After a week off, it was straight back into it this week, but in a good way.  This week also marks my 4th anniversary in this appointment, which, as well as being an opportunity to reflect, makes this the longest job that I’ve ever done.  In the military, although you stay with the same employer, you never stay longer than 3 years in any one appointment, and usually a lot less.  Looking back on it, I think that they might be missing something, as I now see many of the things that we started in my early days coming to fruition – our renewed focus on delivery, strategy linked more strongly to tactics, a people strategy in place and digital and smart working taking hold.  I’m enormously grateful to all members and colleagues. 

A really good example of linking strategy to tactics came to my attention this week from Alison Hasdell of the Care Market Development Team (CMDT).  Providing Home Care for some of Staffordshire’s most vulnerable residents is one of our most important tasks, and one of the most difficult.  The profession has suffered from a poor reputation as a career, with 40% staff turnover annually, poor morale and the consequent fragility of providers; you simply can’t run an organisation effectively if you’re recruiting, training and exiting close to half your staff every year.  The CMDT have launched a Health & Social Care sector membership package for Staffordshire Care Providers in association with the Staffordshire Chamber of Commerce. This is the first health & social care package developed specifically for businesses in this sector nationally. It offers care providers access to a range of support, guidance and networking to help grow and sustain successful care businesses, drawing on the advice and support of other dynamic Staffordshire business leaders.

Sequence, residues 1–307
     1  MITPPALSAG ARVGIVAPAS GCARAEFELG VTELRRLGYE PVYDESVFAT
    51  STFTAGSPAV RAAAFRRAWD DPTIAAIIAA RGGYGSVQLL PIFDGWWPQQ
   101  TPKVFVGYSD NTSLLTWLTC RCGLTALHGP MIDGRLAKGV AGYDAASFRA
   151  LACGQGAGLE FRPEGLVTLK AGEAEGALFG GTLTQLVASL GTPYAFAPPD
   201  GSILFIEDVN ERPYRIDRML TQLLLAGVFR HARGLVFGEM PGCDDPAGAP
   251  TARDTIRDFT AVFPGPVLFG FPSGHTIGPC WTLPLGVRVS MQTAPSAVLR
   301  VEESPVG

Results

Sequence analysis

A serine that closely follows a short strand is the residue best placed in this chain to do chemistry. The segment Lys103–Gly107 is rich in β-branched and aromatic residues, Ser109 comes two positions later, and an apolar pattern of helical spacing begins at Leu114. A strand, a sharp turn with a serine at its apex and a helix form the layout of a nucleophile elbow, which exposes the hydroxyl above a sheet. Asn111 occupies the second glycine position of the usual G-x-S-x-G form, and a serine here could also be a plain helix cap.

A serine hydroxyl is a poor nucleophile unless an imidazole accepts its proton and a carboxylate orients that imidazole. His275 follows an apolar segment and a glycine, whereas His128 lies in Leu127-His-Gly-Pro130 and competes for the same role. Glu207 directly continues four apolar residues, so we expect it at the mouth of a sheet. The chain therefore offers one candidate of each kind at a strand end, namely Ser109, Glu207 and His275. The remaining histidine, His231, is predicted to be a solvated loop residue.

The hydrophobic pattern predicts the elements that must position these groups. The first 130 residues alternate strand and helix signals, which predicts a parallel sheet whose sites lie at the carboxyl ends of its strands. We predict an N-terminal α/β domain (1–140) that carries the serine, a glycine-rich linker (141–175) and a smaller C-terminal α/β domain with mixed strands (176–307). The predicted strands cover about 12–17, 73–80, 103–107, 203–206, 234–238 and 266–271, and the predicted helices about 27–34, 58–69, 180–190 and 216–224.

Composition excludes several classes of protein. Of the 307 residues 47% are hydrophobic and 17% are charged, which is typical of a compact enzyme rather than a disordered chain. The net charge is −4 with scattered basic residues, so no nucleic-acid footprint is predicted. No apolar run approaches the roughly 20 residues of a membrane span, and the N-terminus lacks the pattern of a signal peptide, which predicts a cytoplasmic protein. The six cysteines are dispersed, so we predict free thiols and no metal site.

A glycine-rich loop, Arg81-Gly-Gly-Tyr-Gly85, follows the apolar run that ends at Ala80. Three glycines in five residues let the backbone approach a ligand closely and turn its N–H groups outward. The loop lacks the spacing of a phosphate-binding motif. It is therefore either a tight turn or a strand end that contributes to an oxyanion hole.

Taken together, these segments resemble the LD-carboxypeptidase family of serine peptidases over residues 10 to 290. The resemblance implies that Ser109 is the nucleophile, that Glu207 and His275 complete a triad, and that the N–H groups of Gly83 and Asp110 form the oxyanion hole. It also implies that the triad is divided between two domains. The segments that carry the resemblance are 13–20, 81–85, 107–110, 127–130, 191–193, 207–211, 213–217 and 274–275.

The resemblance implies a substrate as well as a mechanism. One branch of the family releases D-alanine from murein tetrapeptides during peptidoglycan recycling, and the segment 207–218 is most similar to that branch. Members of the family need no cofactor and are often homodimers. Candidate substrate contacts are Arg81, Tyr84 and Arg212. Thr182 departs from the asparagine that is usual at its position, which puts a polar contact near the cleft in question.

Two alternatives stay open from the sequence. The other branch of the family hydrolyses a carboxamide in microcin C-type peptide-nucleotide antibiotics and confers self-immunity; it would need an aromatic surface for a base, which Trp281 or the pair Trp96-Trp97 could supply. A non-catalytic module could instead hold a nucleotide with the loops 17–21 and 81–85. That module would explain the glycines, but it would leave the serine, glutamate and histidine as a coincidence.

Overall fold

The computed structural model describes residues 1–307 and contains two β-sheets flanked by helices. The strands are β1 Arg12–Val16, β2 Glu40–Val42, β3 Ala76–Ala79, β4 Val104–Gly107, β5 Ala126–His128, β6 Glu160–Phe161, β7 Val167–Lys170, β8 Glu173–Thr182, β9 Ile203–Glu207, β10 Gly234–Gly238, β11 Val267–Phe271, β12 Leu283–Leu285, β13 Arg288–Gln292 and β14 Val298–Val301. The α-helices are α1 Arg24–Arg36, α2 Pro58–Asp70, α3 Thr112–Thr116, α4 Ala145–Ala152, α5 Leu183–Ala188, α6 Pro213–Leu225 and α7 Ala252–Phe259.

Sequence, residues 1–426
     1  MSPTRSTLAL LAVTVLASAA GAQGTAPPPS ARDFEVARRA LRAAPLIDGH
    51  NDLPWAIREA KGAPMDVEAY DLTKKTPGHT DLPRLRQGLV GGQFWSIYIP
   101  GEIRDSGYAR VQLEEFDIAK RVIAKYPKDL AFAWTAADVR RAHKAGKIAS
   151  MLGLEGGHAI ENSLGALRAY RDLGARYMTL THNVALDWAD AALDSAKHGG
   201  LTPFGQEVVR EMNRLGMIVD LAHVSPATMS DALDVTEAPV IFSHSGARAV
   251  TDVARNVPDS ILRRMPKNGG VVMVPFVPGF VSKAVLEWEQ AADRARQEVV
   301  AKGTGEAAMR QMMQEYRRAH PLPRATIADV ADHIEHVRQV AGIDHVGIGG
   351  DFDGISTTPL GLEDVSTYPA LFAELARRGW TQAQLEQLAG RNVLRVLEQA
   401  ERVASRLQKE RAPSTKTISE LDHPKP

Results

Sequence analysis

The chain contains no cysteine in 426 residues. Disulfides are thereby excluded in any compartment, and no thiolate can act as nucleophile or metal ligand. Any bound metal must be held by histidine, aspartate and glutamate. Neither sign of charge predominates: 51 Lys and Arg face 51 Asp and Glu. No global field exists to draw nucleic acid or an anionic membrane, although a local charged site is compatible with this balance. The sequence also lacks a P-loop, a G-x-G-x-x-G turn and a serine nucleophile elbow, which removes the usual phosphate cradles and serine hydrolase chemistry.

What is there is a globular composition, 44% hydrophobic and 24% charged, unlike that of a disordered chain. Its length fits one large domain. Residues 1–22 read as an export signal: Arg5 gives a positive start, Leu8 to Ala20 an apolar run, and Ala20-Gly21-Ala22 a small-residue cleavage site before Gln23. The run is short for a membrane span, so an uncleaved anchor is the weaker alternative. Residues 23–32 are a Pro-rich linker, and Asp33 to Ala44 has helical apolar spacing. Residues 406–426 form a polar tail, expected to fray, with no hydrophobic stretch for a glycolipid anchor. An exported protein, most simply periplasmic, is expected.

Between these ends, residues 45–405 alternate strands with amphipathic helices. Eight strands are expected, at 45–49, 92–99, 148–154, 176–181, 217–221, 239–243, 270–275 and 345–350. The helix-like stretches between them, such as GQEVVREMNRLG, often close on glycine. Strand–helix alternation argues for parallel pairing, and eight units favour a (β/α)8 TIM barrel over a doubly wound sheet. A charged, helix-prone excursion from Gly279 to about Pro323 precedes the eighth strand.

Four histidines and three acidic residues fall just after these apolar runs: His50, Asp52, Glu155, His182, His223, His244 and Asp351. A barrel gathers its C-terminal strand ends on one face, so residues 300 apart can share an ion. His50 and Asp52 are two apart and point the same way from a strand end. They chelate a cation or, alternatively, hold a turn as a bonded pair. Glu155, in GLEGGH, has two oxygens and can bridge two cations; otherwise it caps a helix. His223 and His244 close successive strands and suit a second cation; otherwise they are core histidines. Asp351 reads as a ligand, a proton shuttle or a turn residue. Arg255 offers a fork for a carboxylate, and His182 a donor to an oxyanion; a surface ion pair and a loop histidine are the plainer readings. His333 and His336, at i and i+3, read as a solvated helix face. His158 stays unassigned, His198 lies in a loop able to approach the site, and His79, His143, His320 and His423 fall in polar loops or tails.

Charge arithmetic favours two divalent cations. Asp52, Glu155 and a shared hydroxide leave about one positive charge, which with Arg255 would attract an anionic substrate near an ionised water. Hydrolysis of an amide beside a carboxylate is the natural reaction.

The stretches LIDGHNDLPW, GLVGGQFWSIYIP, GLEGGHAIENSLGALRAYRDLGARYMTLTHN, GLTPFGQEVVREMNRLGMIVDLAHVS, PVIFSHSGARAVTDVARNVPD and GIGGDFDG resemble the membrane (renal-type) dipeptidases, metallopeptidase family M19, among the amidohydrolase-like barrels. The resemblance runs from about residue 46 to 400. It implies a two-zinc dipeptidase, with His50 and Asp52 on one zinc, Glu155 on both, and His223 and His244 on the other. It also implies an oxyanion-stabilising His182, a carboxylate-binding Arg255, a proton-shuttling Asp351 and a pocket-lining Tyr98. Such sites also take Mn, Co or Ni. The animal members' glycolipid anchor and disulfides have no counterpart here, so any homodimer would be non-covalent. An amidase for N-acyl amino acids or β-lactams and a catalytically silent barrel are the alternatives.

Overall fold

We are really proud that the team has forged a partnership with Staffordshire Chamber of Commerce to help Staffordshire care providers recruit and retain staff.   For me, this is a practical example of our people “thinking outside the box”; it involves a bit more effort now, but it will reap benefits in the future. If it is successful in Staffordshire, it could, and indeed should, be rolled out nationwide.

The Stoke and Staffordshire LEP Annual Conference

Monday, January 21st, 2019

This week saw the annual conference of the Stoke and Staffordshire Local Enterprise Partnership, a combination of public and private sector leaders whose role it is to steer the Staffordshire economy.  Although there is much focus on the LEP Review and whether the current overlapping membership of our 4 southern districts with Birmingham will continue, the real task at hand is writing the Local Industrial Strategy.  This vital piece of work will dictate the level and direction of future central government funding that will replace European funding when we leave the EU – probably as importantly, and more so, is making our economy fit to face the challenges of the coming decade.  It is therefore worth taking some time to make sure that we get it right.